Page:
Editor’s Note: Frequent reader and first-time contributor Kirk H. covers our off-day with memories of the first baseball game he saw in-person. Perfect way to pass an off-day.
In all the excitement of opening day, you may not have noticed that Le Grand Orange died that same day just shy of his 74th birthday. Rusty had an excellent career, and while not quite a Hall-of-Famer certainly qualified for the Hall of Very Good. He played on five different teams, most notably the Astros, Expos, and Mets, with good on base skills and some pop (career OPS+ 124). Jonah Keri, noted Expo fan, has a great retrospective on his baseball exploits, fan outreach, and charitable work here:
While there isnâ€™t really a Braves connection, his passing did stir memories of my first experiences seeing major league baseball in person as a young kid over 50 years ago (has it really been that long? Crap, Iâ€™m getting old). I grew up in a small town in south central Louisiana, in the heart of sugar, hot sauce, and salt country. The cultural highlight was the annual Sugar Cane Festival held every September to celebrate the harvest. Music was whatever they played on the local AM radio station. Sports was mostly high school football and basketball, with a dose of LSU Tiger football radio broadcasts in the fall. So it was with great excitement that I looked forward to my familyâ€™s more-or-less annual trip to Houston during the summers. It was about a four hour drive, but a world away from my hometown. It had everything. A huge shopping mall where you could actually go from shop to shop while remaining indoors, with an honest to goodness ice skating rink right there in the middle (whoever heard of such a thing). A great amusement park with all sorts of rides that made me sick to my stomach. And best of all, professional sports teams (the Houston Oilers and Houston Astros) that played in this totally awesome stadium called the Astrodome. They called it â€œthe 8th Wonder of the Worldâ€, and it sure seemed that way to me. It was gigantic and new and modern, and they played ball *inside*. It had this brand new artificial grass they called â€œastoturfâ€ since the real stuff wouldnâ€™t grow. And it had this way cool animated scoreboard that was unlike anything else I had ever seen. They played all kinds of comic video shorts, making fun of the other team or inciting the crowd to cheer. But the best thing was that whenever an Astro hit a home run, it put on this fantastic display with bulls snorting and cowboys firing off their six shooters and simulated fireworks going off. It was amazing.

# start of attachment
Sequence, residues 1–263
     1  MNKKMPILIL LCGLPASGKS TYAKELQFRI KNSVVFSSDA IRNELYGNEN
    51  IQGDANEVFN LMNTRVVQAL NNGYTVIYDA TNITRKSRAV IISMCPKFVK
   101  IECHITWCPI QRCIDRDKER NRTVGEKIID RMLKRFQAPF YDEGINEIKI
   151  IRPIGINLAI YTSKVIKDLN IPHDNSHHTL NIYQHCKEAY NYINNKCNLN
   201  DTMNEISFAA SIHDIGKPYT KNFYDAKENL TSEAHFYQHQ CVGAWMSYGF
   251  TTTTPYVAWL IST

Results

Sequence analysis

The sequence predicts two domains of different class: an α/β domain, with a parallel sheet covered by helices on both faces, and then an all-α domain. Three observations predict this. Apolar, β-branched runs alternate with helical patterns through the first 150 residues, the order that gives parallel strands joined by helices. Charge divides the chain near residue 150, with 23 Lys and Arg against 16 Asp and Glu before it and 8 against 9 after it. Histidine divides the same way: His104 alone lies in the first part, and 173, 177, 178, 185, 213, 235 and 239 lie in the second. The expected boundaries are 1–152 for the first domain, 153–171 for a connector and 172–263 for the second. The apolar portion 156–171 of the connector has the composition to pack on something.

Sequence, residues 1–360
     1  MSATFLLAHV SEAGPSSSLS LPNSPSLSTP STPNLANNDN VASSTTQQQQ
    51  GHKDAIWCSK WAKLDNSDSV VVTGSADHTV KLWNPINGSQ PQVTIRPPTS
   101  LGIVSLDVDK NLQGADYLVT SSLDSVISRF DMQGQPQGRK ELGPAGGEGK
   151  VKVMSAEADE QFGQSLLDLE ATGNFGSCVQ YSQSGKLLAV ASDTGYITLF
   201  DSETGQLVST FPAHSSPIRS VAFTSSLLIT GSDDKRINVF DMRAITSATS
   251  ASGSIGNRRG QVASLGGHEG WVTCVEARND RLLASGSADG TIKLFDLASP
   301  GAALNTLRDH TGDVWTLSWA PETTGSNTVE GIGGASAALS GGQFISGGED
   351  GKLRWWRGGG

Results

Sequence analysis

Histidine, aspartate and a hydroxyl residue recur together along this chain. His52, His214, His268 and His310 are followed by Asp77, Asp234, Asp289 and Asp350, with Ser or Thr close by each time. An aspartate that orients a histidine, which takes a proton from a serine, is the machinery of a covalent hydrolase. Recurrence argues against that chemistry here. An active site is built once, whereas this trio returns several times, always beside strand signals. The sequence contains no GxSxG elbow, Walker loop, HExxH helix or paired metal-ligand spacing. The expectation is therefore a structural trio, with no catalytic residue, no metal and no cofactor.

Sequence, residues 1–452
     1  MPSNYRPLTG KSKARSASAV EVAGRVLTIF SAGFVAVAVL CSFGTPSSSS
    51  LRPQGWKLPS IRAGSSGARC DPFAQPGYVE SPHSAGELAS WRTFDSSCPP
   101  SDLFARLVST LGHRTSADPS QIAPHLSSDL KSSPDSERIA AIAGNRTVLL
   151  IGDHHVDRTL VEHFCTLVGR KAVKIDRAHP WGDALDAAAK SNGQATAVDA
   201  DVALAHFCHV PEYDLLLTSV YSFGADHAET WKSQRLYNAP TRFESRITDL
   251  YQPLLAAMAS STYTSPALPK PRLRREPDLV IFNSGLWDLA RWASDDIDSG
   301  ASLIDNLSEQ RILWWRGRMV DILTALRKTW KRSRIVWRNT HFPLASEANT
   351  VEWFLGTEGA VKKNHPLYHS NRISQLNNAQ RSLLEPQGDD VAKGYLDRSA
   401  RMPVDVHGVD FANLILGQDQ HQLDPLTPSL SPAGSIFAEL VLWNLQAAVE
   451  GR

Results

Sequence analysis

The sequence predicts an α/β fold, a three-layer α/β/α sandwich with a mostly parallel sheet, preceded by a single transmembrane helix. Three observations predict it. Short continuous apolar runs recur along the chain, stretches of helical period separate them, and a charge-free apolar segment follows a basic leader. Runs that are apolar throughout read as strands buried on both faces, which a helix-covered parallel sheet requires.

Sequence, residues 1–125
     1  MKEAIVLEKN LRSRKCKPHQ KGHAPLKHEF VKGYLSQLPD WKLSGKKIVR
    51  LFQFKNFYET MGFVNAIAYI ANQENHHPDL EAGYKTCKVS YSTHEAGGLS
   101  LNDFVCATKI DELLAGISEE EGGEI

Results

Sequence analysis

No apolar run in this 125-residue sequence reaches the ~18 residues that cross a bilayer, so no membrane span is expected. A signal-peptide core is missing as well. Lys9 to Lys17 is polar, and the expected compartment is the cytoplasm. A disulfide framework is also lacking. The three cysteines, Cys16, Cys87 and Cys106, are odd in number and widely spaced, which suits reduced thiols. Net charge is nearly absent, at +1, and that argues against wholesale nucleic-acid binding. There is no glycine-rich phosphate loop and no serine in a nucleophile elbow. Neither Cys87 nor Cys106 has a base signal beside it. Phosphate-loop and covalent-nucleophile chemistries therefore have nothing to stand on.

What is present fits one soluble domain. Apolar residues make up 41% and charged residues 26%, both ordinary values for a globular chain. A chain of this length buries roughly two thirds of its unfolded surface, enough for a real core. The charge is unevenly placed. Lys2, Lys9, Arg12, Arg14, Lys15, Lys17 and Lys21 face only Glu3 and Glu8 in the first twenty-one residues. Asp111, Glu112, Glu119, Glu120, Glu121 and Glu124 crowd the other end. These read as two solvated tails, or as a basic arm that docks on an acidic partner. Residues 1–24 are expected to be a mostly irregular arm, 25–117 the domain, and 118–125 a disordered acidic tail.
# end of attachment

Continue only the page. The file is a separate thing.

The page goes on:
During one of our summer trips when I was maybe 9 years old, we caught a game where my greatest memory is of Rusty Staub hitting not one but two homeruns. I couldnâ€™t get enough of that scoreboard home run show. I remember my parents wanting to leave early, and me begging them to stay in case he hit another one. But the Astros were behind pretty big, and I lost the case. Next day I found out that in fact the Astros *did* hit another homerun (although it wasnâ€™t Staub). I was pissed I didnâ€™t get to see the scoreboard go off again.
With the miracle of Baseball Reference, I was able to track down that game. It was August 19, 1967. The St. Louis Cardinals were in town in the midst of an excellent season where they would go on to win 101 games, the NL pennant, and the World Series over the Red Sox. The Astros had some very good players besides Staub, like Joe Morgan and Jimmy Wynn, but still they were in the dregs of the league. Staub had a fantastic game, with a double and the two homers. Joe Morgan had a double. Doug Rader had the 9th inning homer that I missed.
It was cool to relive that memory. RIP Rusty.